There are clear links between health and social isolation. For elderly adults, being part of a social network has a positive influence, encouraging them to stay physically and mentally active. Without a social network, seniors run a higher risk of having health issues or engaging in harmful acts such as smoking or eating poorly.
Honourable Alice Wong, Minister of State (Seniors) has recently announced a collaborative initiative between National Seniors Council and New Horizons for Seniors Program to assess the impact of social isolation on seniors in Canada, exploring ways to reduce and prevent it. The initiative is based on the work of the National Seniors Council as well as the culmination of consultations and stakeholder engagement.
Apart from physical health risks, social isolation also threatens mental wellness, and is associated with higher levels of depression and suicide. In fact, one in four seniors lives with a mental health problem such as depression, anxiety or dementia. Approximately half of Canadians over the age of 80 report feeling lonely. Social isolation can also leave seniors vulnerable to elder abuse, including financial abuse and is a common denominator among a whole range of issues that affect the well-being of seniors.
While social isolation is difficult to pin point, it is known that back in 2006 over 30% of Canada’s seniors were at risk of social isolation. In 2008, 19 % of Canadians aged 65 and over said they felt a lack of companionship, left out or isolated from others. Although social isolation is complex and pervasive, is also largely preventable.
Minister Wong announced that National Seniors Council and the New Horizon Program will work together to address the social isolation of seniors. The Forum of Federal, Provincial and Territorial Ministers Responsible for Seniors has chosen to explore the issue of social isolation as a priority for this upcoming year. Last year, the National Seniors Council was asked to assess the impact of social isolation on seniors in Canada and explore ways to mitigate its impact and preventing it from happening. The Council consulted over 300 stakeholders, including seniors, community organizations and academics, and presented a report on their key findings.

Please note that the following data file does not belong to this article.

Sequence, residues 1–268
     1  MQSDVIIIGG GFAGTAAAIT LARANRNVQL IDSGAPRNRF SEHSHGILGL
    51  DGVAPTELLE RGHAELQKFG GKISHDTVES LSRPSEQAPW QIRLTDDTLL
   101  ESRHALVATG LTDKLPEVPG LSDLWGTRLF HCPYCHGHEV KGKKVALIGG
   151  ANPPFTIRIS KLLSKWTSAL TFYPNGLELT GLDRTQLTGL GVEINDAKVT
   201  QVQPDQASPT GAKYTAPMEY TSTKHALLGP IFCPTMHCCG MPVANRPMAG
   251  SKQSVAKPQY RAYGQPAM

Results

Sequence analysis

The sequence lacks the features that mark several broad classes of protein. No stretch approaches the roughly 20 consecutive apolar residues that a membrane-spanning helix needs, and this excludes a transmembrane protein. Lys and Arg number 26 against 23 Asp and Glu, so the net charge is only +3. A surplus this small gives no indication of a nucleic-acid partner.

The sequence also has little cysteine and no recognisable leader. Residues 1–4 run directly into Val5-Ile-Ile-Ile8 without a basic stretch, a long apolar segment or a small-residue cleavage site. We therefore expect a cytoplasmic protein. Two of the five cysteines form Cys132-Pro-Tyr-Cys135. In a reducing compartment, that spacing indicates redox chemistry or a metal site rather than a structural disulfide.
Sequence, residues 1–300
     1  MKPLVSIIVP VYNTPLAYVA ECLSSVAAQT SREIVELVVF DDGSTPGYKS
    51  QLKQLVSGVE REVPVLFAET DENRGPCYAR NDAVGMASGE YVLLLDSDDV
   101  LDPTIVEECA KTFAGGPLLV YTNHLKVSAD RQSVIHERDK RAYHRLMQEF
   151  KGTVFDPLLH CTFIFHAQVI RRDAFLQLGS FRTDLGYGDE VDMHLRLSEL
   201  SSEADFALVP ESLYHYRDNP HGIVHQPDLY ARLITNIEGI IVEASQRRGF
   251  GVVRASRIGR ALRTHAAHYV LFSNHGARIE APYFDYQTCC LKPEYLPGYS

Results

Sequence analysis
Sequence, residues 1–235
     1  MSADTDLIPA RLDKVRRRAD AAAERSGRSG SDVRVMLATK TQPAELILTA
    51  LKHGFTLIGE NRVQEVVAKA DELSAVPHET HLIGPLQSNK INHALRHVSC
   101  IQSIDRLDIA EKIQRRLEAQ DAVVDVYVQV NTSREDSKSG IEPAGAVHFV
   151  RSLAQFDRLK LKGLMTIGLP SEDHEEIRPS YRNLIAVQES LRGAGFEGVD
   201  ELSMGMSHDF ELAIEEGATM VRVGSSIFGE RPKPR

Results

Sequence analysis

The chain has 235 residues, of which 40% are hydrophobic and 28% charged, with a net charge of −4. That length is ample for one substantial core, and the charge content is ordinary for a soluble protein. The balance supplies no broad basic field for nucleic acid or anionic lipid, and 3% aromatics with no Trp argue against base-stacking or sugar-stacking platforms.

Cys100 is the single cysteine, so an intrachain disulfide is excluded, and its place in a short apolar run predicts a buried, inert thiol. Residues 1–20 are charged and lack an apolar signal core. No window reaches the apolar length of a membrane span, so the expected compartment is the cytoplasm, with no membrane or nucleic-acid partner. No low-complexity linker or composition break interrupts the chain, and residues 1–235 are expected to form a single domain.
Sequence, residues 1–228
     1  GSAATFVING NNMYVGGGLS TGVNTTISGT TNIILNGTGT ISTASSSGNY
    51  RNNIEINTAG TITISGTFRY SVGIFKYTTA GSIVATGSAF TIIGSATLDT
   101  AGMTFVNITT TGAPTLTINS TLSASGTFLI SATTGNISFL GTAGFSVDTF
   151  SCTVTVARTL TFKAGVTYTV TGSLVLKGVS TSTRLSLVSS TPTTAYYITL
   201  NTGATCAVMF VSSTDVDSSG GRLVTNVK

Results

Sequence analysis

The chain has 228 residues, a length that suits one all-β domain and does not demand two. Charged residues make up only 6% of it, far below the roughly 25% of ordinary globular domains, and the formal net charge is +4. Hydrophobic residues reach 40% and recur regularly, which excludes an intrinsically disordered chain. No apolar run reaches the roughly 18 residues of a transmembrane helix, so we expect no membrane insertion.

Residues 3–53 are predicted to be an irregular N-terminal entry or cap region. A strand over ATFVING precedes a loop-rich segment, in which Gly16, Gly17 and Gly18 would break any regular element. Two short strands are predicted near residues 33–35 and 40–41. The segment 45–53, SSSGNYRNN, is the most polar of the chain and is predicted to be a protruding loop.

The report highlighted the importance of working with those who deliver services and programs directly to seniors. The Council will continue to do work on this issue and further examine barriers that prevent communities and seniors from reaching out to each other. The Council was also asked to examine ways that communities can reach out to socially isolated seniors in their midst.
Minister Wong also announced that this year more than 1,800 of New Horizon for Seniors Program community based grants of up to $25,000 will be awarded to communities across Canada. The grant program support initiatives by not-for-profit community groups that help seniors stay connected, active and involved in their community by encouraging greater social inclusion, volunteerism and community engagement. It is allocated to applicants who make successful proposals.
For the next five years, the broad theme of the pan-Canadian stream of the New Horizons for Seniors Program will be focused on reducing the social isolation of seniors in their immediate communities. Helping seniors stay active and engaged in their communities is part of the plan to tackle social isolation, while improving overall health and well-being of seniors.
March 9, 2015
Click here to read Minister’s announcement
Click here to learn more about New Horizon for Seniors Program Funding
Click here to learn more about Nation Seniors Council
Click here to learn more about Federal/Provincial/Territorial Ministers Responsible for Seniors Forum